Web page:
LIFE AMONG THE LOWLY 357
knock my head agin the door; but it did n't do me no good! I spects, if they 's to pull every spear o' har out o' my head, it would n'.t do no good, neither,— I's so wicked ! Laws ! I's nothin' but a nigger, noways ! "
" Well, I shall have to give her up," said Miss Ophelia. " I can't have that trouble any longer."
" Well, I 'd just like to ask one question," said St. Clare.
"What is it?"
" Why, if your gospel is not strong enough to save one heathen child, that you can have at home here, all to yourself, what's the use of sending one or two poor missionaries off with it among thousands of just such ? I suppose this child is about a fair sample of what thousands of your heathen are."
Miss Ophelia did not make an immediate answer; and Eva, who had stood a silent spectator of the scene thus far, made a silent sign to Topsy to follow her. There was a little glass room at the corner of the veranda, which St. Clare used as a sort of reading-room; and Eva and Topsy disappeared into this place.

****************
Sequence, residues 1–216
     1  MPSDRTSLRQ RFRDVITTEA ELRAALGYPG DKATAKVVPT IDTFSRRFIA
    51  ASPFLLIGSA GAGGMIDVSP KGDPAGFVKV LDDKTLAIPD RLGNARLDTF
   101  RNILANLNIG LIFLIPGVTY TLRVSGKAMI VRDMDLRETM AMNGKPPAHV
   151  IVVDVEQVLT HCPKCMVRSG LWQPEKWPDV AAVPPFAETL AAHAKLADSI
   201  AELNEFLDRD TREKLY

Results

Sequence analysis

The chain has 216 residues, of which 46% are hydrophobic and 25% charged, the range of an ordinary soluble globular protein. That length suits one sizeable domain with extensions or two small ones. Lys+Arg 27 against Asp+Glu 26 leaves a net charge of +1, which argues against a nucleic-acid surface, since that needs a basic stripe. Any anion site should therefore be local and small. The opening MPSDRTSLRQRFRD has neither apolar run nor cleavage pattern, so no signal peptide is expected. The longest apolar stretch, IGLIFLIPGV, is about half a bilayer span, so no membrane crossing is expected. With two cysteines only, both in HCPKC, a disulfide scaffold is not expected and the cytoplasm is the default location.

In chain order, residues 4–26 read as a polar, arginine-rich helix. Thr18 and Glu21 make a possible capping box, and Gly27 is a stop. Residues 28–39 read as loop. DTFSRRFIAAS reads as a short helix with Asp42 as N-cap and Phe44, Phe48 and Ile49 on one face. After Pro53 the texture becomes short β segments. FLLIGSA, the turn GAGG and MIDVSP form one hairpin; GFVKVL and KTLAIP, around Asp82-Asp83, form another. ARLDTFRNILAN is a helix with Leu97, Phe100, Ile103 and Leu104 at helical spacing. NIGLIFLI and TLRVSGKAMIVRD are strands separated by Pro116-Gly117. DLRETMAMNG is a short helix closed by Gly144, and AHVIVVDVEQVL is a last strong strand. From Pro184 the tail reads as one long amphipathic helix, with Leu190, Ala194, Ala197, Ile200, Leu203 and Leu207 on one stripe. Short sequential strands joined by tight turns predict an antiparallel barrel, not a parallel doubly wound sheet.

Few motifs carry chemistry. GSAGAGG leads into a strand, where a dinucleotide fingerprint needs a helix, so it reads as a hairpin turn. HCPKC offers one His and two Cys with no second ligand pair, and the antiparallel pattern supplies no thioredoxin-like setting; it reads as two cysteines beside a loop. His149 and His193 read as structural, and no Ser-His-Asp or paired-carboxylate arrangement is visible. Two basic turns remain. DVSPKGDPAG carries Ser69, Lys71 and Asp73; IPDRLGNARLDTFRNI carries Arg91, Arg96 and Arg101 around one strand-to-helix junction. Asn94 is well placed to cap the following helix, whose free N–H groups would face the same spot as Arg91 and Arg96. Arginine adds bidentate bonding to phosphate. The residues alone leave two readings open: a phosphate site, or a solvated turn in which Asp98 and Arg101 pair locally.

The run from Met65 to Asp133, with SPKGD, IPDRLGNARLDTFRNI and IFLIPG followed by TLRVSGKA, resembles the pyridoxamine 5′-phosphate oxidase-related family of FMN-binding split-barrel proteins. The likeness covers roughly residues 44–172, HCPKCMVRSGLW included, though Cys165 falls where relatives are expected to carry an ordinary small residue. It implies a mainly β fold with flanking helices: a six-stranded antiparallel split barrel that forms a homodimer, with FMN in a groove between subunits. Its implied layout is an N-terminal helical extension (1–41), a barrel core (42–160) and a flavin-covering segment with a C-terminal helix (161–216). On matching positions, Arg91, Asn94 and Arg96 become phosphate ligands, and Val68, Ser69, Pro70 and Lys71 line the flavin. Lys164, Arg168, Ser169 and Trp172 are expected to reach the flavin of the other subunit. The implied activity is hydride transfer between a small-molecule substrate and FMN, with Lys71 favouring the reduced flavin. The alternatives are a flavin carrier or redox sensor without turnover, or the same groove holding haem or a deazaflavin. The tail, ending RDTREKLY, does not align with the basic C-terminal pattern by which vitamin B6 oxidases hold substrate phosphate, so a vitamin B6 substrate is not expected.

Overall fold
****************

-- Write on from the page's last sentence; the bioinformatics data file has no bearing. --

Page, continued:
" What's Eva going about, now ? " said St. Clare; " I mean to see."
And, advancing on tiptoe, he lifted up a curtain that covered the glass door, and looked in. In a moment, laying his finger on his lips, he made a silent gesture to Miss Ophelia to come and look. There sat the two children on the floor, with their side faces towards them. Topsy, with her usual air of careless drollery and unconcern ; but, opposite to her, Eva, her whole face fervent with feeling, and tears in her large eyes.
" What does make you so bad, Topsy ? Why won't you try and be good ? Don't you love anybody, Topsy ? "
" Dunno nothing 'bout love; I loves candy and sich, that's all," said Topsy.
" But you love your father and mother ? "
" Never had none, ye know. I telled ye that, Miss Eva."